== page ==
• Accordingly, according to aspects of the present invention, a novel DOM traversal method of capturing client side html and data as it is entered on the screen is provided. This method is universally applicable to any number of contemplated applications. However, according to aspects of the present invention, it is particularly applicable to capturing client-side real-time data along with or in connection with an electronic transaction. From this captured data a permanent record can be created which can be combined with other information to create a receipt and permanent record of the electronic transaction. The permanent record can include a biometric online signature. The data and the permanent record can be stored in a remote location for subsequent review and retrieval. A skilled person will readily understand that aspects of the present invention can be used individually or combined with other aspects to fulfill the requirements of a particular application.
  • Thus, a number of preferred embodiments have been fully described above with reference to the drawing figures. Although the invention has been described based upon these preferred embodiments, it would be apparent to those of skill in the art that certain modifications, variations, and alternative constructions could be made to the described embodiments within the spirit and scope of the invention.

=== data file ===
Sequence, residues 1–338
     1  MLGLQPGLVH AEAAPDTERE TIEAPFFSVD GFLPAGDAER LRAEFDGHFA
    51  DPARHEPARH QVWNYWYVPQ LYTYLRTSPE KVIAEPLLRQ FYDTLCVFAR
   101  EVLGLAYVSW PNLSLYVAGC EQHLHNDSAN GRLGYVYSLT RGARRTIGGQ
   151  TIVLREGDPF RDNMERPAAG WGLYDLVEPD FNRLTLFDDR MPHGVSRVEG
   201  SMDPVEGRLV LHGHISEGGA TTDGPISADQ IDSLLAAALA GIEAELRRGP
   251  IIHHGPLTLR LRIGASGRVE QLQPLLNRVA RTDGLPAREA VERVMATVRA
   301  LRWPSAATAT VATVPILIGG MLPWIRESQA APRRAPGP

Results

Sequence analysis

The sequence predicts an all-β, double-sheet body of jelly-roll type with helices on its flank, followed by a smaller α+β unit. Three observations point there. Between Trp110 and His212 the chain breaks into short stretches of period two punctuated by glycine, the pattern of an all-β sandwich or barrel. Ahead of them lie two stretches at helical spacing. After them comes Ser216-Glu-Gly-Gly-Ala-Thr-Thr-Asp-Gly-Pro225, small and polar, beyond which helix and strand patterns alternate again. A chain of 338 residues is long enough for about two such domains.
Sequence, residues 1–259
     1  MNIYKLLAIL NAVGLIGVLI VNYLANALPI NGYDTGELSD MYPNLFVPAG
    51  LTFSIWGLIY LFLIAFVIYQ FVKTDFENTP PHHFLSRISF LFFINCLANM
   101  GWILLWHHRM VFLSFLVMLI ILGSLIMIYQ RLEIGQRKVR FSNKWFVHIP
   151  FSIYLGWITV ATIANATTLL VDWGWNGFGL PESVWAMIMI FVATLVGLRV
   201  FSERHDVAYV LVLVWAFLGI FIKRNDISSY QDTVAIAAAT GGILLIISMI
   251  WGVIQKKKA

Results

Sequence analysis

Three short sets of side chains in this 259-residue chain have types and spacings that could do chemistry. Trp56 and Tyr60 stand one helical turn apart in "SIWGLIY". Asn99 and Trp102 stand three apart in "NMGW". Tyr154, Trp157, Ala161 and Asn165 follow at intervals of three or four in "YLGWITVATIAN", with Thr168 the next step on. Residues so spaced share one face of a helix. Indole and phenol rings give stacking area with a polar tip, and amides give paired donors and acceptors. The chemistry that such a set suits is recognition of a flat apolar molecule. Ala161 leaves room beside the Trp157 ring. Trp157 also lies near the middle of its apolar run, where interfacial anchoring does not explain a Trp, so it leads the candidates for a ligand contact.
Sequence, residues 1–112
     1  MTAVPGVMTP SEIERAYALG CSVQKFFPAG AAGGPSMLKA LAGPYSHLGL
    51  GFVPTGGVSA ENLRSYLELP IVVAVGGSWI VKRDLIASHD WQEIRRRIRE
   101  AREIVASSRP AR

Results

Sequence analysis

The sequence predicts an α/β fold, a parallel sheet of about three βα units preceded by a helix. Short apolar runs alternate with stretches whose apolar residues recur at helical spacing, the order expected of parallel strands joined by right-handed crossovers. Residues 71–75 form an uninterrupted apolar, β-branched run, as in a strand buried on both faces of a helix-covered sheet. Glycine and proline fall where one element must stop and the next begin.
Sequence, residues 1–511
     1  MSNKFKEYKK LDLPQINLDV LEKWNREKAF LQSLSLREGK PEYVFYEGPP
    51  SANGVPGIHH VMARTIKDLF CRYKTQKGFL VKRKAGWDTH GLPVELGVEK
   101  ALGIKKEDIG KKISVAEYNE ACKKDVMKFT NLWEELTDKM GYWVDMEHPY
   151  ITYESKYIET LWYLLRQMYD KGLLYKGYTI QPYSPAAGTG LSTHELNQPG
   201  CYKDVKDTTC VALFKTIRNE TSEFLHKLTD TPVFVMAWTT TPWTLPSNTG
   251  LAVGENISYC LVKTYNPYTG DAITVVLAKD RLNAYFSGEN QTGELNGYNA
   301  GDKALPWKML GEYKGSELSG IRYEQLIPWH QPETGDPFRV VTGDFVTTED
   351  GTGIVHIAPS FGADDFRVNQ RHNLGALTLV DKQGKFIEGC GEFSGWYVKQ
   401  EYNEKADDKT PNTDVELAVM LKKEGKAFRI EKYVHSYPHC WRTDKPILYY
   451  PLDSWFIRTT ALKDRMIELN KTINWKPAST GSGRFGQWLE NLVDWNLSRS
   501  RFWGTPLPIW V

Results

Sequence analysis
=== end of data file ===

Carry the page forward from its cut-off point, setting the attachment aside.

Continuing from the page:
Claims (16)

We claim:
1. A system for generating a record of an online transaction, said system comprising:
a computer interface module that records movement of a cursor on a computer screen and outputs the recorded data;
a signature generation module that receives said recorded data and generates a graphical image of a biometric signature based upon said recorded data; and